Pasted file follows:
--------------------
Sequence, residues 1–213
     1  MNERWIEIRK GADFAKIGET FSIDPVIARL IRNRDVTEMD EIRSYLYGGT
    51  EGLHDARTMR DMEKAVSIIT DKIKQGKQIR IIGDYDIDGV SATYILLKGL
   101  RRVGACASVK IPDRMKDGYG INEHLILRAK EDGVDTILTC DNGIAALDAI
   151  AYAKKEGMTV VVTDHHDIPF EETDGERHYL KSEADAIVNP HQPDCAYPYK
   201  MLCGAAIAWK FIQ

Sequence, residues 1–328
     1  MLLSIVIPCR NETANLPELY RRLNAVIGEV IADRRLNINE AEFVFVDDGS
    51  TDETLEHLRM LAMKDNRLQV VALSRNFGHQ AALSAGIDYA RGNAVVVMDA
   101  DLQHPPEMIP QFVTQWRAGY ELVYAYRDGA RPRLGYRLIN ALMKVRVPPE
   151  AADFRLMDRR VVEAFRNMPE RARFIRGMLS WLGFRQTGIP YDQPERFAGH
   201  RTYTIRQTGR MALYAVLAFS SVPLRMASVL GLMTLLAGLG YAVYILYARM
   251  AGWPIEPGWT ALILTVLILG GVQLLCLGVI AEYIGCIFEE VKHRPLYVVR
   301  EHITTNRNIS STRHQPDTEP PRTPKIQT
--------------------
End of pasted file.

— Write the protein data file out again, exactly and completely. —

Sequence, residues 1–213
     1  MNERWIEIRK GADFAKIGET FSIDPVIARL IRNRDVTEMD EIRSYLYGGT
    51  EGLHDARTMR DMEKAVSIIT DKIKQGKQIR IIGDYDIDGV SATYILLKGL
   101  RRVGACASVK IPDRMKDGYG INEHLILRAK EDGVDTILTC DNGIAALDAI
   151  AYAKKEGMTV VVTDHHDIPF EETDGERHYL KSEADAIVNP HQPDCAYPYK
   201  MLCGAAIAWK FIQ

Sequence, residues 1–328
     1  MLLSIVIPCR NETANLPELY RRLNAVIGEV IADRRLNINE AEFVFVDDGS
    51  TDETLEHLRM LAMKDNRLQV VALSRNFGHQ AALSAGIDYA RGNAVVVMDA
   101  DLQHPPEMIP QFVTQWRAGY ELVYAYRDGA RPRLGYRLIN ALMKVRVPPE
   151  AADFRLMDRR VVEAFRNMPE RARFIRGMLS WLGFRQTGIP YDQPERFAGH
   201  RTYTIRQTGR MALYAVLAFS SVPLRMASVL GLMTLLAGLG YAVYILYARM
   251  AGWPIEPGWT ALILTVLILG GVQLLCLGVI AEYIGCIFEE VKHRPLYVVR
   301  EHITTNRNIS STRHQPDTEP PRTPKIQT